Another area that the new Ingenieur improves is the dial, which feels much more lively than what the previous reference used to have. Then again, there’s Genta inspiration here, with a grid pattern that looks back at the dial of the 1976 SL Jumbo, with a grid pattern. This grid structure is more pronounced though, and in negative relief. Consisting of small lines offset by 90 degrees to each other, it is stamped into the soft iron blank before it is galvanized. On top of it are again references to the past, with similar but larger applied markers and hands (both luminous), as well as the classic Ingenieur logo.
The new IWC Ingenieur Automatic 40 is launched as a compact collection of 4 models, including one in titanium (we couldn’t photograph it for this article). As for the steel versions, IWC offers the choice of classic black (reference IW328901) or silver dial (reference IW328902), with a fully brushed bracelet. There is also a more casual, more lifestyle-oriented Aqua version, with a dark turquoise dial (reference IW328903). This Aqua edition differs with its polished central links on the bracelet.
Talking about that bracelet, it is an important part of the design of the IWC Ingenieur. The basics are still present. The lines follow the side of the case and the bracelet relies on classic H-shaped links. However, like the rest of the watch, it is less angular than before, with a more rounded, more prominent middle-link. The bracelet is soft and comfortable, and as nicely finished as the rest of the watch. It is closed by a concealed butterfly clasp. We have to note the absence of a micro-adjustment system and of a quick-release device – IWC wants this watch to remain worn on its bracelet, without the option of a leather or rubber strap. However, there are pins on the internal face of the links, making it easy to remove them in order to size the bracelet.
Inside the case is the brand’s manufacture calibre 32111. Sharing a common architecture with other brands of the group, this modern automatic movement with pawl winding system, hidden behind a solid screwed back, beats at 4Hz and stores up to 5 days of 120 hours of energy when fully wound.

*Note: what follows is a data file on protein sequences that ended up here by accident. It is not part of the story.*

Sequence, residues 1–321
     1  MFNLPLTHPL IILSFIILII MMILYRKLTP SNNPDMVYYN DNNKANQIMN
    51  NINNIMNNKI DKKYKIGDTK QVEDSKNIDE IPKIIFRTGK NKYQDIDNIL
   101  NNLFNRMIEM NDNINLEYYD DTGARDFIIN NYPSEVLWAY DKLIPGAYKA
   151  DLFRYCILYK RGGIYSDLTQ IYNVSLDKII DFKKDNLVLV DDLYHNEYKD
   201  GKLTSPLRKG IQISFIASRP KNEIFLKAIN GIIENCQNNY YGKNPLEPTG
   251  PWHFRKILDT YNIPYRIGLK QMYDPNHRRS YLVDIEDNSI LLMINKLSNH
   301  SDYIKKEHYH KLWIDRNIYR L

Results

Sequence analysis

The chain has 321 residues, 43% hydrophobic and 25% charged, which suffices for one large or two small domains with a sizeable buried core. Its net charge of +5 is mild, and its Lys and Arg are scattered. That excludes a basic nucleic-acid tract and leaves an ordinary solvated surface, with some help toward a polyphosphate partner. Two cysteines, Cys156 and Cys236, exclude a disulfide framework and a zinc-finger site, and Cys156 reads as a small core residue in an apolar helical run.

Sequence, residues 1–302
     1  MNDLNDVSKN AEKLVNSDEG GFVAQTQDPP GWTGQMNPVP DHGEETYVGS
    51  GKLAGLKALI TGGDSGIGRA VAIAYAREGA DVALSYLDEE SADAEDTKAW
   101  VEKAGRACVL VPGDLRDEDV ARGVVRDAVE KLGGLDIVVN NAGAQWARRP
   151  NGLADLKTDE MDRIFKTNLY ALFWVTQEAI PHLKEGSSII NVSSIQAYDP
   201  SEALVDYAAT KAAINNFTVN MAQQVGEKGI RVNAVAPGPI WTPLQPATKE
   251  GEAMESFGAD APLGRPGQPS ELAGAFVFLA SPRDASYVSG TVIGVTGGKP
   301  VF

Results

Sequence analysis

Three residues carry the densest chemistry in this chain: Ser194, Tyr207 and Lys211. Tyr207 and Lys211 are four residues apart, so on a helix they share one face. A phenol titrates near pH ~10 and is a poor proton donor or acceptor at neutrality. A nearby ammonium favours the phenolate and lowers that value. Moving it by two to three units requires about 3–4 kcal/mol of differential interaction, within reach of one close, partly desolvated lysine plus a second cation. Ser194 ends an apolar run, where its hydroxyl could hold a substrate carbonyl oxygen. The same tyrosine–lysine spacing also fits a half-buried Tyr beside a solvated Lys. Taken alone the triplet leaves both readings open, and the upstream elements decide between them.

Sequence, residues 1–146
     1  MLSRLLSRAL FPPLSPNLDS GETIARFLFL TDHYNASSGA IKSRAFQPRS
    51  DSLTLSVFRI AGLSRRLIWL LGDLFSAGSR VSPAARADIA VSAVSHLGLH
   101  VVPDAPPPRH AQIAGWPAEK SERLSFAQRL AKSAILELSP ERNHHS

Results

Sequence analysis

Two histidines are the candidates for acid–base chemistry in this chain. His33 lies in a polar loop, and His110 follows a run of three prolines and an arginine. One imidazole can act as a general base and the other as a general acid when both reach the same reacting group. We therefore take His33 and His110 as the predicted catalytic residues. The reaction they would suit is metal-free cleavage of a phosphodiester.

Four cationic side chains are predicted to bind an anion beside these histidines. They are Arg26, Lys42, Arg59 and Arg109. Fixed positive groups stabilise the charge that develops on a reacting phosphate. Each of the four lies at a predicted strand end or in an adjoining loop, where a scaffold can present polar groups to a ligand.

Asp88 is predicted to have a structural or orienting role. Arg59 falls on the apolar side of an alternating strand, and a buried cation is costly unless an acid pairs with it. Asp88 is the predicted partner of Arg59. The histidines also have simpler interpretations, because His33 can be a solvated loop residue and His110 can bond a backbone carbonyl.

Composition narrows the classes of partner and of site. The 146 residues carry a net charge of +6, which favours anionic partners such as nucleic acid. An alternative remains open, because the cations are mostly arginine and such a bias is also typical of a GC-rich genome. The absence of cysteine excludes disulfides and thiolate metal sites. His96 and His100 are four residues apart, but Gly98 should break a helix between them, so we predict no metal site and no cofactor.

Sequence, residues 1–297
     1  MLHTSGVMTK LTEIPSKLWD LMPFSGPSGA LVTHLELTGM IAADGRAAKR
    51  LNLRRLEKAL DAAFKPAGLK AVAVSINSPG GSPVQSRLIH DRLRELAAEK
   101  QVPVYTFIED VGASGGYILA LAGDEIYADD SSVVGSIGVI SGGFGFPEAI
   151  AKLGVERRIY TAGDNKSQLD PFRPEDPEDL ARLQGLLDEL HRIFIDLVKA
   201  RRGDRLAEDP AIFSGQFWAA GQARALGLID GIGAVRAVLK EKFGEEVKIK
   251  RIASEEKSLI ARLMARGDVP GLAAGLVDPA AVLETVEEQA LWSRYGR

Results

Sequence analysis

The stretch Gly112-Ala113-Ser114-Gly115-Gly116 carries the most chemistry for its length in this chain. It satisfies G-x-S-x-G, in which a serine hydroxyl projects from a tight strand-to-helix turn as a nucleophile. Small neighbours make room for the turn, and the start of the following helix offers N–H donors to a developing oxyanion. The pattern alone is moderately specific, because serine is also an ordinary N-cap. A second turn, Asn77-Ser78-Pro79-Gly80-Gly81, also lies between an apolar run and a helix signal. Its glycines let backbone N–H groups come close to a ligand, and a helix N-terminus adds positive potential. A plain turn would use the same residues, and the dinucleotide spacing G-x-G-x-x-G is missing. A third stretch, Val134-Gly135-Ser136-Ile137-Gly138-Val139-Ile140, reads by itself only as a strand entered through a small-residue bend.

Availability & Price (Steel versions)
A modern and versatile watch, with everything you’d expect from a 1970s luxury sports watch with Genta design, the new IWC Ingenieur Automatic 40 reference IW3289 does come with serious arguments and a very appealing design. It is, in my opinion, the best-looking model since the 1970s (and in fact, it feels better in many aspects…) It is released as part of the permanent collection, even though IWC announces a relatively low production at the beginning. It’s also exclusive to the brand’s boutiques.
All three stainless steel versions will be priced at CHF 12,000 (incl. taxes), which is not exactly what I’d call accessible… For more details, please visit www.iwc.com.
The IWC Ingenieur Automatic 40 Titanium IW328904
In addition to the three stainless steel models mentioned above, IWC is also releasing a full grade 5 titanium edition of its new integrated Ingenieur. Technically identical to the rest of the collection, with the same dimensions and movement, as well as an equal pattern on the dial, the difference lies in the material and the finishing, the titanium surfaces being sandblasted with contrasting polished accents. The dial is here presented in a light grey colour that matches that of the slightly darker case and bracelet, with blackened hands, date surrounding and markers. This edition will also be launched as part of the permanent collection, however, also reserved for the brand’s boutiques and we expect low production numbers. It will be priced at CHF 15,000 (incl. taxes).